To lay it down in its most bare essentials, "Fountain" is a story tackling three different time periods. Tomas (Hugh Jackman) is a 16th century Conquistador on a bloody hunt though a hidden Mayan temple to retrieve sap from the mythical Tree of Life for his queen (Rachel Weisz), who is desperate for immortality. In 2005, Tom (Jackman) is a doctor frenetically searching for the cure to cancer to save the life of his wife Izzi (Weisz), who is in the final throes of her battle with death. Five hundred years later, Tom travels through space on a quest to reach the place of tranquility that Izzi spoke fondly of, using the Tree as a device to get him to the answers he needs to rest his weary mind.
Aronofsky's previous efforts were always stirring technical achievements, but lacked the universal themes that can soften up an empty visual exercise. "Fountain" is a story of death, and how the fear of it can block our journey to serenity, prolonging our hell on earth. The Tree of Life, a fountain of youth, is cautiously used as the focal point of the script, set up as a device to investigate the mental breakdown of a man who is looking for hope in all the wrong places. It's a picture that takes off on wild ideas of morality and sacrifice, but it always returns to where it began: the heart.
Employing most of the same professionals that have followed him throughout his career, Aronofsky mounts another gorgeous production here, using mere peanuts in the funding department to dynamically visualize a millennia of anguish, discovery, and spiritual release. Using shimmering golds and intimidating blacks to color code Tom's pathway to enlightenment, "Fountain" is a feast for the eyes, embracing the director's painstaking symmetrical style while rooting the film in ethereal places of wonder to better lift the idea of afterlife mystery off the ground. Whether we are in the muck and splatter of a Mayan battle zone or the peaceful transparent bubble that spirits Tom through the heavens, the visual detail of the picture is stunning, and further enhances the thematic spelunking that Aronofsky and co-writer Ari Handel are often engaged in.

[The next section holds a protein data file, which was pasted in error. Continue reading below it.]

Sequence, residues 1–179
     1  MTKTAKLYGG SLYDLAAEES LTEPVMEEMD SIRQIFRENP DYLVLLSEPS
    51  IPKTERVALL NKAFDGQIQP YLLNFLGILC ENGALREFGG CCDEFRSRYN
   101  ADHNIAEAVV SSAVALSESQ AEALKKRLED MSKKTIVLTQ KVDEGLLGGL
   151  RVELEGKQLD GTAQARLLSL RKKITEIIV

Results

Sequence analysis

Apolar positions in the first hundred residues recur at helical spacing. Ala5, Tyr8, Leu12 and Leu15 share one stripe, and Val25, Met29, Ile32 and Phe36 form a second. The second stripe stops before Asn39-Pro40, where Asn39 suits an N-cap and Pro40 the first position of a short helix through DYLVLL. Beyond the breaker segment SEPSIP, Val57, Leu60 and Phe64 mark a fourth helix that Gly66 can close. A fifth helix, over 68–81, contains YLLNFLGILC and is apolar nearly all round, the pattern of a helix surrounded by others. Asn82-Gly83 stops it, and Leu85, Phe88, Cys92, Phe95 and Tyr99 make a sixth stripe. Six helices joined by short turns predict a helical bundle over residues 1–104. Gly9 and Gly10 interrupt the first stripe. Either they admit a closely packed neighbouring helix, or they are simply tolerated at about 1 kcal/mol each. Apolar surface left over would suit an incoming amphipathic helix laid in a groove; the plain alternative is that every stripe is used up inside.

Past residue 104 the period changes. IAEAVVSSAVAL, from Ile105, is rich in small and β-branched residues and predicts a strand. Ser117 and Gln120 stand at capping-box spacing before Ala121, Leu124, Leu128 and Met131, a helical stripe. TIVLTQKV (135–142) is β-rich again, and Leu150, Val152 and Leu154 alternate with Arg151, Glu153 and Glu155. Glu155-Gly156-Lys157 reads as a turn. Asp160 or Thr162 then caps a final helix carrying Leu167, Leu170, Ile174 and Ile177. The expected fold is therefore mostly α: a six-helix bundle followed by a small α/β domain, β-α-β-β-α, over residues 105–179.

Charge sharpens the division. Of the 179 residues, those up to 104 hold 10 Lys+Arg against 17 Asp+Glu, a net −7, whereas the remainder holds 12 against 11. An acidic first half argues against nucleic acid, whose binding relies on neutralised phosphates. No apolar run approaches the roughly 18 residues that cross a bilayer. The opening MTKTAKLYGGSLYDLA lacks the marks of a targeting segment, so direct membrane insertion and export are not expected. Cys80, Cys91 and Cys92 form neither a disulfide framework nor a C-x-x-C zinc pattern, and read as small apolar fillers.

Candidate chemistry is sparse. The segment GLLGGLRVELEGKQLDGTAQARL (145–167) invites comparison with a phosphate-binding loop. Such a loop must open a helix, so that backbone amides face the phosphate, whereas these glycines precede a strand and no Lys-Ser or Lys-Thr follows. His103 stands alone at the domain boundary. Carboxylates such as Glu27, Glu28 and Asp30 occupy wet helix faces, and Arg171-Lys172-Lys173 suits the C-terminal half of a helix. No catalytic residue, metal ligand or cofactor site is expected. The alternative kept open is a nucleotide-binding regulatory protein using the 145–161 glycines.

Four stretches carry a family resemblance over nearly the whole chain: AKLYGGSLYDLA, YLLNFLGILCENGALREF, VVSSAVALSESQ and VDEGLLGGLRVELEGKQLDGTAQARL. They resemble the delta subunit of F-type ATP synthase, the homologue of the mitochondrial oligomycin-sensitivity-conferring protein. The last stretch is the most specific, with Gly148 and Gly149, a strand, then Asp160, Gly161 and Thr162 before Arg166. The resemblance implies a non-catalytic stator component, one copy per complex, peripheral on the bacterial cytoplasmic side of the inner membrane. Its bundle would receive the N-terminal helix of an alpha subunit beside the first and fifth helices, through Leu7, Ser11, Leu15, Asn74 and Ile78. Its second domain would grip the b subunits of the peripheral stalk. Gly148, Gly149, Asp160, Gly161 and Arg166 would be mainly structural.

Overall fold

In performances that can only be described as exquisite, Jackman and Weisz assist their director in opening up this knotty story through their soulful and romantic interpretations of desperation and peace. Essentially playing one lost soul, Jackman foams with remarkable anguish as he performs three separate interpretations of duty, handing in career-defining work. Weisz is the face of love in "The Fountain," lending the film a flowering emotional core as Izzi finds solace in her fate, and fears her beloved husband won't be able to share her tranquility in the shadow of death.
While "Fountain" stays pretty close to the heart during the first two acts of the picture, it does gallop off into an interpretive, metaphysical opera for its final movement. Aronofsky layers on spiritual awakening and mental clarity in spectacular ways, pushing Tom through time and space as the character inches closer to his final destination. Had the filmmaker chosen to create an entire movie devoted to obscure notions of salvation, "Fountain" would've locked up and shut down. Since the picture has that passionate connection between Tom and Izzi, the audience is invested in their struggles, leaving Aronofsky with a golden ticket to take the story anywhere he wants to go. Where he chooses to go might polarize the audience, but I found it revelatory and profound in ways I never thought I would able to experience with this director.
"The Fountain" is masterful on so many unique levels, presenting a demanding filmgoing experience that should elicit a grand sense of awe on an emotional and spiritual level unlike anything you've seen this year.